Nagahama Kannon exhibition in Tokyo

kannon

A rare and magnificent exhibition of eighteen Kannon statues from Nagahama is being held at The University Art Museum (東京藝術大学美術館), Tokyo University of the Arts (Geidai) from March 21 to April 13, 2014 near Ueno Station in Tokyo. Kannon is called the Goddess of Mercy.

The show is titled, Life and Prayer, Kannon Sculptures from Nagahama (観音の里の祈りとくらし展-びわ湖・長浜のホトケたち). Organized by the Tokyo University of the Arts and the city of Nagahama.

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Good crowd seeing the exhibition.

Although the National Treasure 11-face Kannon statue from Doganji (Kogenji) in Takatsuki is not in the show, three of the eighteen Kannon statues are Important Cultural Properties. Most of the statues date from the 12th century, and three are from the 9th century or earlier. There is a wide variety of Kannon statues: Large, small, black, wood grained, standing, sitting, grinning, multi-faced, and ones with many arms. Fabulous collection, all displayed in one room. A good crowd of people have been going to the exhibition even on weekdays.

Each statue has a Japanese description (no English). Interesting to read about how statues were buried by villagers to protect it from being destroyed by warlord Oda Nobunaga who purged warrior monks and temples in Shiga. Two wooden statues that were buried now look very worn out from the burial. But somehow they still retain their beauty and dignity. Many of the statues have survived over the centuries thanks to the efforts of the local people. I was upset to learn that one temple was burglarized twice and so it now has fewer statues. Temple burglaries is a problem, especially in Shiga where there are so many temples and treasures. A temple in Koka is missing two of its Buddhist statues which are Important Cultural Properties, believed to have been stolen and sold on the black market.

Shiga has Japan’s highest number of Kannon statues designated as Important Cultural Properties (including a National Treasure). There are over 130 Kannon statues in Nagahama. It is not known for certain why northern Nagahama has so many beautiful Kannon statues. One theory says that it may be largely due to Mt. Kodakami-yama (己高山, 923 m) in Kinomoto that could be seen far and wide and became an object of worship (山岳信仰). Kodakami-yama’s main temple was a Kannon temple. Written records show that there were many temples dedicated to Kodakami-yama, and Kannon statues were made for them.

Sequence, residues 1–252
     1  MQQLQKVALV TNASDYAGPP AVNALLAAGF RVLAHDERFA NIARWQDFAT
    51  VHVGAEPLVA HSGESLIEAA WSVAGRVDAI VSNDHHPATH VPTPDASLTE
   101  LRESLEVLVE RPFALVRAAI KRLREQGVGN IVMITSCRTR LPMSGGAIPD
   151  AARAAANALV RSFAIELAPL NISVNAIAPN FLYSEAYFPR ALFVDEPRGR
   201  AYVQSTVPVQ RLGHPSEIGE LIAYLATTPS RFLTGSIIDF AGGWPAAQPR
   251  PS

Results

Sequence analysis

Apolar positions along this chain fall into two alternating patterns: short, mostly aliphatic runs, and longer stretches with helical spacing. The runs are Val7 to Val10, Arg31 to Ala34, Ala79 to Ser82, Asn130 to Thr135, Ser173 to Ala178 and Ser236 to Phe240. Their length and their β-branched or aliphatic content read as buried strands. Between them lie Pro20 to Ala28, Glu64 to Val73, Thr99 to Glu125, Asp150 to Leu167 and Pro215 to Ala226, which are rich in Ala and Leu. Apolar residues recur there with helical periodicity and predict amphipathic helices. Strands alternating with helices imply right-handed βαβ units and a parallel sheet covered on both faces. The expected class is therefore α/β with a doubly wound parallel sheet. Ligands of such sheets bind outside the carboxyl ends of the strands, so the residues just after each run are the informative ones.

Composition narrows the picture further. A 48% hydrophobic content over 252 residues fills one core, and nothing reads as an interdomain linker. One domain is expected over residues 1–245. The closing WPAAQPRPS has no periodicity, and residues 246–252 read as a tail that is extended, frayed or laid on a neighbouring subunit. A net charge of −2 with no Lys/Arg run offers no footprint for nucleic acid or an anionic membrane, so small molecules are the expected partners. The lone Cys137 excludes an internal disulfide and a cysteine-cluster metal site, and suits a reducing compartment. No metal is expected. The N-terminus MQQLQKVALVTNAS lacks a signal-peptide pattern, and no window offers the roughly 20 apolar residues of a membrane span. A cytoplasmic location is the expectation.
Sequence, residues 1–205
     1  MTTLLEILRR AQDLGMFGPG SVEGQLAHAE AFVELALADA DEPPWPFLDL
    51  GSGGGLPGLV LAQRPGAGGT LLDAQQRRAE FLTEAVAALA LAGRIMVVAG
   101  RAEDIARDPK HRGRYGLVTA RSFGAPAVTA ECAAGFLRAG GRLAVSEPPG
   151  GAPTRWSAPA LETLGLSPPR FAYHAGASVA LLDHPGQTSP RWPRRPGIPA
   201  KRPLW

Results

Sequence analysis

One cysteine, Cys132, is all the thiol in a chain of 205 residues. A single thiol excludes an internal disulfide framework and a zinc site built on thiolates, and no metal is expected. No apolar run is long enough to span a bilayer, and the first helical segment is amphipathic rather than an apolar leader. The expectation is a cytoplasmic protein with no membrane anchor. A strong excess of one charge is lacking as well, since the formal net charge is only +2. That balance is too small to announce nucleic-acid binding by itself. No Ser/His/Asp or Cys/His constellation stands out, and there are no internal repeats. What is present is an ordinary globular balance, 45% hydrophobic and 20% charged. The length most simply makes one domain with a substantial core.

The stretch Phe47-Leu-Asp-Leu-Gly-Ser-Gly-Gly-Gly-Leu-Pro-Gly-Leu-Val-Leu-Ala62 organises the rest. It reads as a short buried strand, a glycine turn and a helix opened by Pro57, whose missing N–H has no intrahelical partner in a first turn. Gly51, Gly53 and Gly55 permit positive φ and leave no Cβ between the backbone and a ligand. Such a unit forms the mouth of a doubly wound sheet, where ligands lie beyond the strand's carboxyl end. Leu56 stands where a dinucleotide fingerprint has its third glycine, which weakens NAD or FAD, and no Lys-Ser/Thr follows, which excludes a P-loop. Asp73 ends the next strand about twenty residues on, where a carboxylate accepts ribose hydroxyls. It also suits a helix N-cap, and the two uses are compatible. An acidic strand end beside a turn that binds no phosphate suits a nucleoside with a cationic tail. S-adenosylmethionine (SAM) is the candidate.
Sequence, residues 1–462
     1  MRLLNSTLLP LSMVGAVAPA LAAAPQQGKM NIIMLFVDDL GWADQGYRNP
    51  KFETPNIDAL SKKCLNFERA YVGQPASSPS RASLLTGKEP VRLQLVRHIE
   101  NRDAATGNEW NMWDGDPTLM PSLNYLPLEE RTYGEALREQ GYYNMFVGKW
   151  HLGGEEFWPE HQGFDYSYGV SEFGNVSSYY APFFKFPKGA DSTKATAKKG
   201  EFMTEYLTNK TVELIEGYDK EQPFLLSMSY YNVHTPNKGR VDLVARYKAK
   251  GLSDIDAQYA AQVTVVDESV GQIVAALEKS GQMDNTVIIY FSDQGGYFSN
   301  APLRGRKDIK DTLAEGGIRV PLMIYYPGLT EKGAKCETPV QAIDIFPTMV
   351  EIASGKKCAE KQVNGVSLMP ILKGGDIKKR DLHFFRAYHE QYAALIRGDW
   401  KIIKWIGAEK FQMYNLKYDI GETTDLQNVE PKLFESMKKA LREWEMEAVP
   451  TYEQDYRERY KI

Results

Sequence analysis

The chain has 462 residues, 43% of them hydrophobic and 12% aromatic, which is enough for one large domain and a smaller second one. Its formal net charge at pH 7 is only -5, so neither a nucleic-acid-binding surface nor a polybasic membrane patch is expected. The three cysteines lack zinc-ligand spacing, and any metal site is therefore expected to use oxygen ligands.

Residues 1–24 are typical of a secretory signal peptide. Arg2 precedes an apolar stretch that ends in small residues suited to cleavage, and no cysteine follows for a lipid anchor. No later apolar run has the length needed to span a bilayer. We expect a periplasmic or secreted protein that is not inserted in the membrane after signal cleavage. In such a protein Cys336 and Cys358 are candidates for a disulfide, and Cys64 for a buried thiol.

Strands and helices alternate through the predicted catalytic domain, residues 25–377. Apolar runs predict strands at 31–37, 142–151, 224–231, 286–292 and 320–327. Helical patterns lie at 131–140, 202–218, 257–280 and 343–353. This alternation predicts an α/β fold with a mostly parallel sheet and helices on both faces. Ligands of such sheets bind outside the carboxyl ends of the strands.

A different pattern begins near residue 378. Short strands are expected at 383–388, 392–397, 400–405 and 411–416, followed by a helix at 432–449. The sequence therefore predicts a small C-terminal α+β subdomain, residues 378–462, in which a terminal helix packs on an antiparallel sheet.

When you enter the exhibition room, they give you a very nice plastic file folder with a Kannon statue design. It feels thick like an exhibition pamphlet, but it only contains Nagahama tourist pamphlets. Nice that it included a free ticket (worth ¥500) to the Kurobe Kanbee Expo currently held in Nagahama. I plan to see the expo so this show turned out to be a good deal for me.

They also sell a small exhibition catalog/book for ¥1,500. The museum gift shop is also selling a bunch of books about Nagahama Kannon statues published by local publishers in Shiga. Nothing in English though.

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The University Art Museum, Tokyo University of the Arts

Museum admission is 500 yen for adults, ¥300 for high school and college students, and free for younger kids. Museum hours 10 am – 5 pm (enter by 4:30 pm). The museum is a 15-min. walk from Ueno Station. Just walk through Ueno Park (Map). Tokyo University of the Arts (nicknamed Geidai) is one of Japan’s most venerated art universities. Website

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Museum lobby.

video room

Short video on Nagahama’s Kannon also shown.